Saturday, March 7, 2009

Paper Rose by Diana Palmer

Title: Paper Rose
Author: Diana Palmer
ISBN: 9780373770212
Publisher: Mass Market Paperback/1999
Pages: 379

Diana Palmer is one romance writer I really like. Her novels do follow some sort of story with twists and turns. As I am in the midst of evaluating answersheets, I thought this light read made a good change.

Tate Winthrope saves Cecily Peterson from her abusive stepfather after her mother passes away. He helps her to get out of town, to college and on the road to her dreams. All this is more than enough for Cecily to fall in love with her. Although he does not show it, Tate too has feelings for Cecily but feels that he must marry within his tribe to keep pure Native American bloodlines alive. Then a scandal erupts which changes Tate's life and Cecily knows that she will go to any extreme to help him.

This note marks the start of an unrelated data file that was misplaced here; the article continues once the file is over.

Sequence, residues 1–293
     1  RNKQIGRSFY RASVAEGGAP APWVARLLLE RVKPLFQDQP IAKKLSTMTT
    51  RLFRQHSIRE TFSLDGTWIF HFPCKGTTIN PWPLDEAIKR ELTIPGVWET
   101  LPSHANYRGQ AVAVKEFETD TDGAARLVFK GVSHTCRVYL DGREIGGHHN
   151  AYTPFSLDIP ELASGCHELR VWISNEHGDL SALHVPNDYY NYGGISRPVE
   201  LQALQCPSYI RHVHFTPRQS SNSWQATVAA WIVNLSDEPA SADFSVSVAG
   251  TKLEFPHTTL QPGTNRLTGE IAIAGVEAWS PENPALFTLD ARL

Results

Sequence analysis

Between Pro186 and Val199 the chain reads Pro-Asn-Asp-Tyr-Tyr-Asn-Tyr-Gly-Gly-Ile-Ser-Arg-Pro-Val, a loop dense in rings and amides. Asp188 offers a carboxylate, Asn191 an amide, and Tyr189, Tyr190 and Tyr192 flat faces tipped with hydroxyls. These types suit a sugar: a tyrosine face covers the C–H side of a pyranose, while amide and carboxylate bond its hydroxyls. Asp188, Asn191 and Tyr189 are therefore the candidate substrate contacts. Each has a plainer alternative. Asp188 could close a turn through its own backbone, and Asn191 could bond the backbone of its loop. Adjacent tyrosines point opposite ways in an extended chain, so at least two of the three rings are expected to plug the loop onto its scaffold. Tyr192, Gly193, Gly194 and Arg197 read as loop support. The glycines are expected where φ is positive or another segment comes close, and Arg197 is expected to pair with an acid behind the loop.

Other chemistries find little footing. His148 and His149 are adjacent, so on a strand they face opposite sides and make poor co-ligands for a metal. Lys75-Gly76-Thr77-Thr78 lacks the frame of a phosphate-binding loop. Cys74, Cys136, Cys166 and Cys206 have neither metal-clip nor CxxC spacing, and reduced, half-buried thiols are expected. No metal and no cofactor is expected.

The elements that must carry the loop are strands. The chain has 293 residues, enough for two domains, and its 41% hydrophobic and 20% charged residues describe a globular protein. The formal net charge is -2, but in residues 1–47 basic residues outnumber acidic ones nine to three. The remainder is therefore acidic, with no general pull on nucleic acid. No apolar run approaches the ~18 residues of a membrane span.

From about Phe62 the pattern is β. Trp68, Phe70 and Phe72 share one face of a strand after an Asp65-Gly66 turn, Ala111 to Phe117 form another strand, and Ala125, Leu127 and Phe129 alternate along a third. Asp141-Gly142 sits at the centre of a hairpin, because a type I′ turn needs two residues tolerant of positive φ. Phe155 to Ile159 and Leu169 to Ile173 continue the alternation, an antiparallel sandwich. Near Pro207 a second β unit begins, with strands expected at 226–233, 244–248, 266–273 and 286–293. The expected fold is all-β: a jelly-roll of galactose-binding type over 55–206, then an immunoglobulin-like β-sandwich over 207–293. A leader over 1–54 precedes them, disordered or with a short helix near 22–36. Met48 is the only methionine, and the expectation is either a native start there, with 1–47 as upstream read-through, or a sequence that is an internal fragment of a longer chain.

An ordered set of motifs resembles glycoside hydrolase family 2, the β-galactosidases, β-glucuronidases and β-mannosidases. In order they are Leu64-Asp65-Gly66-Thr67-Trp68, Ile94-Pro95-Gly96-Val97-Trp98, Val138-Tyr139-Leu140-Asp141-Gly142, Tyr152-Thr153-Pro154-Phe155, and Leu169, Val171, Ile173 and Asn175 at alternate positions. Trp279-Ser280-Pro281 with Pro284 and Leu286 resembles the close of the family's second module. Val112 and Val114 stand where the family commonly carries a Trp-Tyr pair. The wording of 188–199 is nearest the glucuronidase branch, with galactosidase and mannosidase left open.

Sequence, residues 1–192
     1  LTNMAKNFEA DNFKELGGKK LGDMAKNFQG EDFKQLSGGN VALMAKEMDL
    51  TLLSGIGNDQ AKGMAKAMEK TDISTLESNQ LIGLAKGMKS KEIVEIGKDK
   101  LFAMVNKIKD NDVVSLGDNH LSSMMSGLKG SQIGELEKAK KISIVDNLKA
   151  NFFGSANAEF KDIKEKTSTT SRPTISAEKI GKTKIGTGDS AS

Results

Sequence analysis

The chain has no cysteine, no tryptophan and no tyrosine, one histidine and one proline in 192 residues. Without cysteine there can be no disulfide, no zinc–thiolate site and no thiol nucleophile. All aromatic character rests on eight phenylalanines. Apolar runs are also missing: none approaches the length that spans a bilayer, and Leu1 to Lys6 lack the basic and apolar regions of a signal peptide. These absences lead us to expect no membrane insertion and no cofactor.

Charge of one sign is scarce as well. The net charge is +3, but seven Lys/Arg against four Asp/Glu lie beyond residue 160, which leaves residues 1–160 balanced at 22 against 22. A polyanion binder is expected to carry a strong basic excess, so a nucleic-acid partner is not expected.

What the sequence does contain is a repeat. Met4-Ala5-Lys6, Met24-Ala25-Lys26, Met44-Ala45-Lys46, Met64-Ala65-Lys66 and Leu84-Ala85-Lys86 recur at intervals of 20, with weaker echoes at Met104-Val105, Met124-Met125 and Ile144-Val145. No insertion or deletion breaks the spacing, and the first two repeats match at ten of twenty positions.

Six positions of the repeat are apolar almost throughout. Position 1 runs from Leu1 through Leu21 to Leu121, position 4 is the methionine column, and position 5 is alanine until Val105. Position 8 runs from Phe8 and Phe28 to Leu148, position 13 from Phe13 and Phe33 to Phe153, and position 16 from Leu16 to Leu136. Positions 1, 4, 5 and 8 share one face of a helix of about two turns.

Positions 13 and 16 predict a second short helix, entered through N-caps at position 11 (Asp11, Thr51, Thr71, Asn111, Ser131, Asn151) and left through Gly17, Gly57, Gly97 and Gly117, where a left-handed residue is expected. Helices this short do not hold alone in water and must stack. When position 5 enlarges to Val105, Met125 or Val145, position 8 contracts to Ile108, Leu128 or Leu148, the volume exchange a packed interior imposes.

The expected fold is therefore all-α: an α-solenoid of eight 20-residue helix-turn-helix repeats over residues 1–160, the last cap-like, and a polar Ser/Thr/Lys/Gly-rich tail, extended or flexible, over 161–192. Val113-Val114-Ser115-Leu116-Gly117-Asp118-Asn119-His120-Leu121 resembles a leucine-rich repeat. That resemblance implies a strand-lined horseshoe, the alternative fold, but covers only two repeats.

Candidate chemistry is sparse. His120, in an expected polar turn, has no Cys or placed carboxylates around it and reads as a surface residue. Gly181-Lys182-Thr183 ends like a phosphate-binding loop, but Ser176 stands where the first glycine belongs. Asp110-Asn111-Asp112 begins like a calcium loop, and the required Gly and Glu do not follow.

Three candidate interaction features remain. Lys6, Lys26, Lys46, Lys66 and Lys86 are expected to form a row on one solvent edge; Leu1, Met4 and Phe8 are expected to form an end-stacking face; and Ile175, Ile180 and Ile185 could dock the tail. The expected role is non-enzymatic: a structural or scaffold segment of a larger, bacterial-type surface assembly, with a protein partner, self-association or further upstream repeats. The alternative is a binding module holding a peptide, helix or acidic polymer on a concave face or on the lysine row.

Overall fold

With many twists and turns, this book does manage to hold interest. I expecially liked the character of Colby, a undercover agent and friend of both Tate and Cecily. Leta, Tate's mother and Senator Holden are other characters who too are very endearing.

At point I felt, Cecily should marry Colby, who is good for her! I learnt quite a bit about the Native American culture. However, the book did feel a bit longer towards the end. It could have done with a bit of editing!